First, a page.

“Hello, Willie?” The man had to yell into the phone, shouting over the wind blasting between the billboards on the el platform. “It’s Benjamin,” he said. “What? No. No. I’ve got good news. I got a job today. I’m so excited.” He had an Irish accent and spoke with the breathless hurry of a telephone solicitor.
“Just this morning. I talked to the guy this morning. Eleven dollars an hour. You know that isn’t bad, Willie. Eleven dollars isn’t bad at all. And just in time. Me, I’m flat broke. I don’t have enough money for cigarettes. Busted, Willie.”
People turned from staring down the tracks to look at the man, some taking just a glance, others making less secretive appraisals. He was no longer young. The blond hair showing under his dirty denim cap had patches of white. Although the wind was cold, he wore a thin red ski jacket with white piping smudged gray. Above his left eye he had a round, fresh scab that looked as if he’d been bit by an animal or a bottle. His hands were bare, red from the cold. The phone receiver must have felt like a frozen pipe.
“I’ll be working with the mail and packages. I’ll be stamping things. Taking things out of boxes. Eleven dollars an hour. I’ll have my own badge and everything. I guess you could say I’m in shipping and receiving.”
He kicked at an old gum stain on the platform with the toe of a tennis shoe wrapped in duct tape. “It’s on the north side of town. A Polish guy gave me the job. I’ll never be able to thank him enough, Willie.
“Now Willie, I’m on the el station here. Only five minutes away. I was hoping you could make a little loan. The last loan, Willie. I’ve got this job and I’ll make everything square. Eleven dollars an hour. It’s just that I need a little money for celebration. Some cigarette money.”
The wind picked up again and everyone at the el stop stiffened. The man’s shoulders tightened into his neck. “What? No. No. Don’t worry about this guy, Willie. He likes his Jack Daniels on the weekends, but he’s a straight arrow all week long. And that’s what I’m going to do too. I’ve waited too long for this job. Too long.”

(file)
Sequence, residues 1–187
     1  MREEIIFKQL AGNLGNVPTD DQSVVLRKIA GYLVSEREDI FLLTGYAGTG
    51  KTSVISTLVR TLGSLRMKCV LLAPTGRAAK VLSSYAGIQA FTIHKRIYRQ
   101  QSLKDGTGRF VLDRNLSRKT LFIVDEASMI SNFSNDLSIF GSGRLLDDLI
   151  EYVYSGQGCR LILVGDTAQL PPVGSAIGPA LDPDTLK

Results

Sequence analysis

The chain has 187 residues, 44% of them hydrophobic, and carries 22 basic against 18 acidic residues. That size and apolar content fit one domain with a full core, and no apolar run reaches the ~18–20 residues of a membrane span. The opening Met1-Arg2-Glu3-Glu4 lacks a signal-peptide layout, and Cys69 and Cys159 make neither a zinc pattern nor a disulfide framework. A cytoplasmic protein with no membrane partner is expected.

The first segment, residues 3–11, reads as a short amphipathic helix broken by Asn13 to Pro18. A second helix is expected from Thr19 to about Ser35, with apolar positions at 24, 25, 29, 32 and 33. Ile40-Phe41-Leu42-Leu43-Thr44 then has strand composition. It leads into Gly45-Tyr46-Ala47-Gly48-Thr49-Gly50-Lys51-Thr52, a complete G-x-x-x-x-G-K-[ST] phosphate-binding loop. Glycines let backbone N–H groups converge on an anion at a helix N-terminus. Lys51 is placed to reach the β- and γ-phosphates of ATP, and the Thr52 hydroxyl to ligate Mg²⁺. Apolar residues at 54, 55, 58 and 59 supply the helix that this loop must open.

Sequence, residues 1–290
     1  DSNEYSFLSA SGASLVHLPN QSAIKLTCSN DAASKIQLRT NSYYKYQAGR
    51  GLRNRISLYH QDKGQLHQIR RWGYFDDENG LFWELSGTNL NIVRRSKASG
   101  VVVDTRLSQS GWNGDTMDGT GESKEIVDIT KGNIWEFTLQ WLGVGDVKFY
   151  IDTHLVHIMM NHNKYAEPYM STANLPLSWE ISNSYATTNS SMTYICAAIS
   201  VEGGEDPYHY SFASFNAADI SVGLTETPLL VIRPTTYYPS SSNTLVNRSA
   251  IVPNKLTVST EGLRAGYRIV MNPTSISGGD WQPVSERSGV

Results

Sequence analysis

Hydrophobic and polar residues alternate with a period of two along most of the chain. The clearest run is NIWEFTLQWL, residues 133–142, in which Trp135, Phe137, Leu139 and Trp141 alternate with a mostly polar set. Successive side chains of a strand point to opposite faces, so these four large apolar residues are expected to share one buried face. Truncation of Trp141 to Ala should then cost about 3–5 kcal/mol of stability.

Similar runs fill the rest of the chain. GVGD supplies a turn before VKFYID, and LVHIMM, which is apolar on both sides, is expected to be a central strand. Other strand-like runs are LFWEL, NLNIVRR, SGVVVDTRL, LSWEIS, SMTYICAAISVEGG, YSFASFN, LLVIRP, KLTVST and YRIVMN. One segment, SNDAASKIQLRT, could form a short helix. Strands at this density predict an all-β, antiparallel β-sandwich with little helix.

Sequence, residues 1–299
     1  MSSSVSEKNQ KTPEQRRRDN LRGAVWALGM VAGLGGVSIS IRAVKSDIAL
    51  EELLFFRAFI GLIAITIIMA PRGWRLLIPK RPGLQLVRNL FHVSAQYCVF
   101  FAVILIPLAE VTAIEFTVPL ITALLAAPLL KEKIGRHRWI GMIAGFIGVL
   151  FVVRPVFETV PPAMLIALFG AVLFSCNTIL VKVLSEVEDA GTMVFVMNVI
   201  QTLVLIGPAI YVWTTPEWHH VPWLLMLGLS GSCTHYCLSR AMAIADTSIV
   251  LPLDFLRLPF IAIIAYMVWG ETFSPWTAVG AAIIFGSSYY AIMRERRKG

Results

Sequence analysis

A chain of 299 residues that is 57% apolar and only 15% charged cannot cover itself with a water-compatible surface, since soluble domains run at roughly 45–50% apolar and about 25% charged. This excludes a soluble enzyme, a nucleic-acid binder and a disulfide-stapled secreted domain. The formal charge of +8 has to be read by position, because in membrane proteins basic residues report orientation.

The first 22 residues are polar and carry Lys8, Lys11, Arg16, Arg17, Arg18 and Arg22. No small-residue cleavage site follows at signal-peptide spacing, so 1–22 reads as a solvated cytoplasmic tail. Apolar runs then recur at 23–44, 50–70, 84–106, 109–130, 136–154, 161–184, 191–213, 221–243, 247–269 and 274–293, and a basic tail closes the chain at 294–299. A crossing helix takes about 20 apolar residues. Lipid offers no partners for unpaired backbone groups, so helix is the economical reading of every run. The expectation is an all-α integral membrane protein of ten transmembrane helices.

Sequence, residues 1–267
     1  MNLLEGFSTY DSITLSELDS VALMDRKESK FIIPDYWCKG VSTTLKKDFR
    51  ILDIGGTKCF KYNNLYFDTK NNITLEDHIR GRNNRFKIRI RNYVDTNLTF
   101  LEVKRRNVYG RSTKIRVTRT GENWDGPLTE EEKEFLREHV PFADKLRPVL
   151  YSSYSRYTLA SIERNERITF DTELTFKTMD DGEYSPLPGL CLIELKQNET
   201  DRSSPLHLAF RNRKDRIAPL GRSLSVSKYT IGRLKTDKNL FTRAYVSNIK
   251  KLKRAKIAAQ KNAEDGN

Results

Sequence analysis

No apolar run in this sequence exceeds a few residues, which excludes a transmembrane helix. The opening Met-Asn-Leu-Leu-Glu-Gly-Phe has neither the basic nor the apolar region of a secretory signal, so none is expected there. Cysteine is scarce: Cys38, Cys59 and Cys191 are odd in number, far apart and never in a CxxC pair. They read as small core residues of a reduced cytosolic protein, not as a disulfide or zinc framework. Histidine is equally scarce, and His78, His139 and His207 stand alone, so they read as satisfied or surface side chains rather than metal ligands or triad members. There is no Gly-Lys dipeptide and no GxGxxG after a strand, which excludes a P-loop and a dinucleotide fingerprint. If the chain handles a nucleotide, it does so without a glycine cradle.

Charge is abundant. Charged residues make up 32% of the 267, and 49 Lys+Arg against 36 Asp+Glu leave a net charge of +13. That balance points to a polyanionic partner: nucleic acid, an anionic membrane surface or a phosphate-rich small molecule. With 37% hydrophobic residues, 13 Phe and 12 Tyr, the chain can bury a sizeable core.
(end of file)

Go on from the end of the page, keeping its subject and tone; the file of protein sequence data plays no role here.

He bent his legs as if he were going to kneel, then began a slow-motion running in place to keep warm. “So Willie, I’m only five minutes away. I’m already on the el station. I could be right over.
“What? I thought 35. I know, but this is the last time. This is a celebration. OK, 25 then. The last time, Willie. I promise. Eventually I’m going to save up to go back. It’s too cold here. And bitter. There’s no spring. Here people think spring is only two inches of snow instead of a foot.
“So Willie, I could be over in ten. What?” He stopped his running dance, but he remained in his crouch, as if he were bracing himself to dive into deep water. “Oh, oh. She’s home, is she?”
He fell silent, rocking slightly in the wind. “I know how she feels, Willie. You don’t have to explain it. But things are changing for me.” He straightened his knees and his back and moved his feet apart. He stood listening for a long time. “Would she miss it?” His voice was a whisper.
He paused again, paused for such a long while that everyone who was listening began to look his way to check if he’d hung up. He began the running dance again, then stopped, his left foot still toeing the platform. “Fifteen will be great. I can–15 will be fine. I know you’re doing more than your fair share.”
He pivoted sharply on his right foot, finishing the movement with a short hop, half pirouette, half end-zone celebration. “By the corner store. The one with the Jamaican soda, got it. I’ll be there in ten. And Willie, first check I get, one week from today, half of it’s yours. She won’t have time to miss it. Thanks a million. See you in ten.”
He hung up the phone. The only one still watching him was a small boy immobile in a blue snowsuit. He beamed at the boy and announced to his mother, “Now there’s someone dressed for the weather. You bet. There’s a boy who’s dressed for this nasty weather.” Then he turned to look down the tracks.